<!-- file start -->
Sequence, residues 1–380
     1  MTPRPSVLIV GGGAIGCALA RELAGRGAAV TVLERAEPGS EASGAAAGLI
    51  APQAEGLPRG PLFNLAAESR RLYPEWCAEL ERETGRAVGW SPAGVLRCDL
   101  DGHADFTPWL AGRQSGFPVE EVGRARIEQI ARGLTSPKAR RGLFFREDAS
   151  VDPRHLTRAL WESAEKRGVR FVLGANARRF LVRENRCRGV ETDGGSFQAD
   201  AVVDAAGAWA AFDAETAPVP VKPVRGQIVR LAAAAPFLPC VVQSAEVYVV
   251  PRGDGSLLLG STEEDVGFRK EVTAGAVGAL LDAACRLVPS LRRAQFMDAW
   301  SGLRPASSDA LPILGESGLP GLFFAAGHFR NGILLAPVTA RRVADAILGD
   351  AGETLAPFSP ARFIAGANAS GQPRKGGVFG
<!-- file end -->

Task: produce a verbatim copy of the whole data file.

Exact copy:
Sequence, residues 1–380
     1  MTPRPSVLIV GGGAIGCALA RELAGRGAAV TVLERAEPGS EASGAAAGLI
    51  APQAEGLPRG PLFNLAAESR RLYPEWCAEL ERETGRAVGW SPAGVLRCDL
   101  DGHADFTPWL AGRQSGFPVE EVGRARIEQI ARGLTSPKAR RGLFFREDAS
   151  VDPRHLTRAL WESAEKRGVR FVLGANARRF LVRENRCRGV ETDGGSFQAD
   201  AVVDAAGAWA AFDAETAPVP VKPVRGQIVR LAAAAPFLPC VVQSAEVYVV
   251  PRGDGSLLLG STEEDVGFRK EVTAGAVGAL LDAACRLVPS LRRAQFMDAW
   301  SGLRPASSDA LPILGESGLP GLFFAAGHFR NGILLAPVTA RRVADAILGD
   351  AGETLAPFSP ARFIAGANAS GQPRKGGVFG